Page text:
"We all know that the United States cannot stay in Iraq indefinitely and continue to be viewed as an occupying force," she said. "Neither should we slip out the back door, falsely declaring victory but leaving chaos. ... We have never heard a clear plan from this administration for ending our presence in Iraq."
Emboldened by his re-election, Bush called on lawmakers to move on several controversial fronts, including liberalizing the nation's immigration laws, imposing limits on medical malpractice lawsuits, simplifying taxes and extending the life of the tax cuts enacted during his first term.
He also urged passage of long-stalled energy legislation and promised to send Congress a budget next week that holds discretionary spending below inflation. Warning Congress that it will face painful choices, Bush said his budget would substantially reduce or eliminate more than 150 federal programs.
Bush said his wife, Laura, would lead a nationwide effort to reduce gang violence by encouraging young people to remain crime free. In a nod to conservatives, he renewed support for a constitutional amendment to ban gay marriage.
Transforming Social Security is a political gamble for Bush and for Republican allies wary of taking big political risks. While Bush cannot run for another term, most GOP lawmakers face re-election next year and are nervous about tampering with a system that Americans like and see no immediate need to overhaul.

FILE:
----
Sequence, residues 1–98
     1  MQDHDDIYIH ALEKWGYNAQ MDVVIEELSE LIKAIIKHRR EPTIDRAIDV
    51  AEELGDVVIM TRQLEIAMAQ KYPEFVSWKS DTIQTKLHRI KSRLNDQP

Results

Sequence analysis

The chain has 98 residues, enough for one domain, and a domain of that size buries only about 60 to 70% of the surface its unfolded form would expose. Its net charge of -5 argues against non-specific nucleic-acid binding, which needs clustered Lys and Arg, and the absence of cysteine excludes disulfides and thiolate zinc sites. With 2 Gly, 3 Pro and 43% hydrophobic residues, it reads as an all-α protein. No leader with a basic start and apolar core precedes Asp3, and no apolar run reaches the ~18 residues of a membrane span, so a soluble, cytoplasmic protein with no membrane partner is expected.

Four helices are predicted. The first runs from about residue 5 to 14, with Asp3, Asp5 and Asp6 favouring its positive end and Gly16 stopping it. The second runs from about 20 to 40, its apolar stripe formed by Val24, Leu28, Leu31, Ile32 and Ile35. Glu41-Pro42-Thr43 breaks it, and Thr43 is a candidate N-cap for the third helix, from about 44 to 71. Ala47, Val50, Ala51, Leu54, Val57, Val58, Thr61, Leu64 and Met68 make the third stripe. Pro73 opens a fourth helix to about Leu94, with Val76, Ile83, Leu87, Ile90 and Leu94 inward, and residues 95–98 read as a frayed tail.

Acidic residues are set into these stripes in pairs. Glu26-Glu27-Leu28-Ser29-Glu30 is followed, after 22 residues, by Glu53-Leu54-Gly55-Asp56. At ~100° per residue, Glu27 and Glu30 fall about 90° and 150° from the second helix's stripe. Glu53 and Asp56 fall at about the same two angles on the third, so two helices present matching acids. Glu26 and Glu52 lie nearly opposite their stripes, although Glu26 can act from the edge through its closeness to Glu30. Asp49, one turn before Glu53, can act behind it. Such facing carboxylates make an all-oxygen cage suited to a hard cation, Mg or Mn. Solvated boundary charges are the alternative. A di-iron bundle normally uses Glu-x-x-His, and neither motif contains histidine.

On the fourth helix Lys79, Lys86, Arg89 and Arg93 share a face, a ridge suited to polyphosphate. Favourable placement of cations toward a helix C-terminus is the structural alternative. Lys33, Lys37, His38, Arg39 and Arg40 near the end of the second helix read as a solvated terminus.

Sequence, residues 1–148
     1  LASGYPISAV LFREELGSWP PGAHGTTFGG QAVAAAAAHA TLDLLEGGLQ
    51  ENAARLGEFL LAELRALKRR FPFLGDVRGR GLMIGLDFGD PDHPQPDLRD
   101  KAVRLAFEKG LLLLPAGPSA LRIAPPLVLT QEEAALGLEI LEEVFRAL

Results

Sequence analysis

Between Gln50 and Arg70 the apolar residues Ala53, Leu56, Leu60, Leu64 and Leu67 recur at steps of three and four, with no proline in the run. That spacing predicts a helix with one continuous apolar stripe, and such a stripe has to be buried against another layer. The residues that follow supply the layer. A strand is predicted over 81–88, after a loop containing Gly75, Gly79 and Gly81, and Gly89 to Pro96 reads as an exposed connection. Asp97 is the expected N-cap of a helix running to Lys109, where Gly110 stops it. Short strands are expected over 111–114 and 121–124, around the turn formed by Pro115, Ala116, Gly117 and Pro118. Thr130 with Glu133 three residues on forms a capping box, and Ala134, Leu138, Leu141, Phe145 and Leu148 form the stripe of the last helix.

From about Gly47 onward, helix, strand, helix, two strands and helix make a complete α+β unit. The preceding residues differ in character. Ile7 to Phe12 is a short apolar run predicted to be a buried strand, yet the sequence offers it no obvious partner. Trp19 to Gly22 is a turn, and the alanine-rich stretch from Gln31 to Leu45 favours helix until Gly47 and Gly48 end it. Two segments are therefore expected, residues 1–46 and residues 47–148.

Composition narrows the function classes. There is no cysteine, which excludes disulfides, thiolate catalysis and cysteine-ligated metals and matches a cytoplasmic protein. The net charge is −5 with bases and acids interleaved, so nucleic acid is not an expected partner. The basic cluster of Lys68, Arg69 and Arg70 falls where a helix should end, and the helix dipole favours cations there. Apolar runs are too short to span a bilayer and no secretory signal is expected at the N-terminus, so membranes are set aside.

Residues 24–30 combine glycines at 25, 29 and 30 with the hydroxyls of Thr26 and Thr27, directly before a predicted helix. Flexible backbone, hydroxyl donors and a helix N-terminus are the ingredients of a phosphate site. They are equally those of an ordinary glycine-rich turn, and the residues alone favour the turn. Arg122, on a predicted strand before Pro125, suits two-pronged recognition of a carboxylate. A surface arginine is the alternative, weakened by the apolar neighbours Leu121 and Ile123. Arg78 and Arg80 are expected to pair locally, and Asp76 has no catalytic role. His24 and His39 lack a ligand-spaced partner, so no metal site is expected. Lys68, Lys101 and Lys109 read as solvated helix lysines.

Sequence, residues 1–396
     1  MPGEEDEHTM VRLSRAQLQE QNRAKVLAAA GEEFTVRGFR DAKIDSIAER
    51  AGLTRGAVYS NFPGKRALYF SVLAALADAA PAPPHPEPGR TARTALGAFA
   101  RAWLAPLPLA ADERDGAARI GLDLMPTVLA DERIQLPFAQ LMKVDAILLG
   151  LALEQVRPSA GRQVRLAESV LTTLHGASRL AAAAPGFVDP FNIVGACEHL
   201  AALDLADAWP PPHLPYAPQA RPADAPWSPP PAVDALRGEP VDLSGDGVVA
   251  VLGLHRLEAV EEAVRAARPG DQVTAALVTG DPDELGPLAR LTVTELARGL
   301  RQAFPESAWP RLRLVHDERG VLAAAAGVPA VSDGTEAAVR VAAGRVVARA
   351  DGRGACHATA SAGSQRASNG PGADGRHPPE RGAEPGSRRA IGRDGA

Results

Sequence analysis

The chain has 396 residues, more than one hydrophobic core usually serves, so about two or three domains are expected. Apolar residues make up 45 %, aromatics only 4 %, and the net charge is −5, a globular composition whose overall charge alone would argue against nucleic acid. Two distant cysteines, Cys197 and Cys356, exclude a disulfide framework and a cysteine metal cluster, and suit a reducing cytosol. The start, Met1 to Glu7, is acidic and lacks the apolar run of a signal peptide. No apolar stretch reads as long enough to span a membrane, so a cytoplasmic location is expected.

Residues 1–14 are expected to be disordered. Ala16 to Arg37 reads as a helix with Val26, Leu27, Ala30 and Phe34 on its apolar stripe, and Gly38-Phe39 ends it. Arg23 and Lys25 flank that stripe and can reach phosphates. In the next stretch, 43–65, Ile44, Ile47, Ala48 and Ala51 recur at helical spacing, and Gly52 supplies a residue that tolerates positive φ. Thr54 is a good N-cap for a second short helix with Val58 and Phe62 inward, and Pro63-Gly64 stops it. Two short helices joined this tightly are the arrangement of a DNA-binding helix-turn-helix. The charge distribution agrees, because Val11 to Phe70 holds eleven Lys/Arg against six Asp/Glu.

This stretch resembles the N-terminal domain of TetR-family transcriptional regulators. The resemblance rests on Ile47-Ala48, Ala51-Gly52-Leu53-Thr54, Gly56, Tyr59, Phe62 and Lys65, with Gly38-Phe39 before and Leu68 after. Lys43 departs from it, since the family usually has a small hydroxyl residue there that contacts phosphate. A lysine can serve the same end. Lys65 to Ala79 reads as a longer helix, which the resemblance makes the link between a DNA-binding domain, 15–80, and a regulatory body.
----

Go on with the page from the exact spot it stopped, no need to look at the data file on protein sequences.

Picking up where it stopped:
Democrats, on the other hand, face a risk of appearing as obstructionists if they simply oppose all of Bush's plan.
Under Bush's Social Security plan, workers would be allowed to divert up to two-thirds of their payroll taxes into private investment accounts, according to a Social Security expert who was briefed on the plan Wednesday. Contributions would be capped at $1,000 per year, rising each year by $100. Social Security's guaranteed benefits would be reduced to make up for money diverted to the private accounts.
A variety of solutions have been proposed over the years, such as limiting benefits for wealthy retirees, raising the retirement age, indexing benefits to prices rather than wages, discouraging early collection of Social Security benefits and changing the ways benefits are calculated, Bush said.
"All these ideas are on the table," Bush said. "I know that none of these reforms would be easy. But we have to move ahead with courage and honesty because our children's retirement security is more important than partisan politics."
Social Security is expected to start losing money in 2018 or 2020, according to differing estimates from Social Security trustees and Congress' budget analysts, and to be unable to provide full benefits beginning in 2042 or 2052.